COLUMBUS, Ohio (AP) — Ohio Gov. John Kasich on Tuesday spared the condemned killer of a convenience store owner whose execution was opposed by the detective who investigated the slaying, the prosecutor who pushed for the death sentence and a judge who handed down the sentence.
Records show that death row inmate John Eley was offered the chance to escape the death penalty in exchange for testimony against his alleged conspirator, considered the mastermind of the slaying, but Eley refused to testify or take a deal.
Kasich said he based his decision on Eley acting under the direction of another, and what he called Eley's limited mental capacity.
"Without those factors it is doubtful that Eley would have committed this crime," said Kasich, who changed Eley's sentence to life in prison with no chance of parole.
The governor also noted that the former Mahoning County prosecutor who tried Eley now regrets how the case was handled and its outcome, and has called for mercy.
The decision was the third time since taking office last year that the Republican Kasich has spared an inmate on the eve of execution.
Eley, 63, had been scheduled to die July 26 for the 1986 killing of Ihsan Aydah, owner of Sinjil Market in Youngstown.
Records show that Eley was given the gun used in the shooting by accomplice Melvin Green, who told him to go into the store where he'd been banned for making previous threats. Green was acquitted in a separate trial, a result blamed on Eley refusing to testify against him.
The Mahoning County Prosecutor's Office expressed disappointment in the decision.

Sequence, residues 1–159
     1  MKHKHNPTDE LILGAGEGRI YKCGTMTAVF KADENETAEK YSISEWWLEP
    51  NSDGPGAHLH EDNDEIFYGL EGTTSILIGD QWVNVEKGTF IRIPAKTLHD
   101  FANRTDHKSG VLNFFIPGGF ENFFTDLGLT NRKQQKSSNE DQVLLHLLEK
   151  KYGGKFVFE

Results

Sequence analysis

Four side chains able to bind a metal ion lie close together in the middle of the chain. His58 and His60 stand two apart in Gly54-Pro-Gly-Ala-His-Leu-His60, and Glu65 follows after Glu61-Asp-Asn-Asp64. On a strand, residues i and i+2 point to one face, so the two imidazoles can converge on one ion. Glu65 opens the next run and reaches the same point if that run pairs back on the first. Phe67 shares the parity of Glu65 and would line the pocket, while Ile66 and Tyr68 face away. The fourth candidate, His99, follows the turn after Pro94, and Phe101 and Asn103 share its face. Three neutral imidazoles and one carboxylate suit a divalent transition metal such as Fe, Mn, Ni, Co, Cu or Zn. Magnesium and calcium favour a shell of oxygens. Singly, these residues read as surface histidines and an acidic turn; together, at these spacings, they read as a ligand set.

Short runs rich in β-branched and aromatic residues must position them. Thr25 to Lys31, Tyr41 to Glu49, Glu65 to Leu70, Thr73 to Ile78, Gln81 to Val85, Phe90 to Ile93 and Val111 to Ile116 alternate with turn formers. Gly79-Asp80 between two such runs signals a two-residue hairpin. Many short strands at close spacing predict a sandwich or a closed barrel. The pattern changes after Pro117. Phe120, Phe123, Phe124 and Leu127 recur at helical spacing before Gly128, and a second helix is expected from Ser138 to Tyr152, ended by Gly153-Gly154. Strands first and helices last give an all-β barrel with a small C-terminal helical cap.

"The evidence may have suggested that Melvin originally came up with the plan, but Eley certainly went along with it," said assistant prosecutor Ralph Rivera. "He was the one with the gun. He certainly was the one who pulled the trigger and killed the victim. It was his choice."
Kasich's decision overruled the Ohio Parole Board, which recommended against clemency in a 5-3 ruling last month, a rare divided vote in a death penalty case.
Assertions by supporters "do not outweigh the fact that Eley took the gun from Green, entered the store with the intent to rob the victim, knew that the victim had a gun and might try to use it, and then shot him in the head," said members of the board ruling in favor of clemency.
The majority had also rejected claims by Eley's lawyers that he is mentally ill and mentally disabled.
Former Mahoning County prosecutor Gary Van Brocklin told the board in a videotaped statement that Green set up the entire robbery.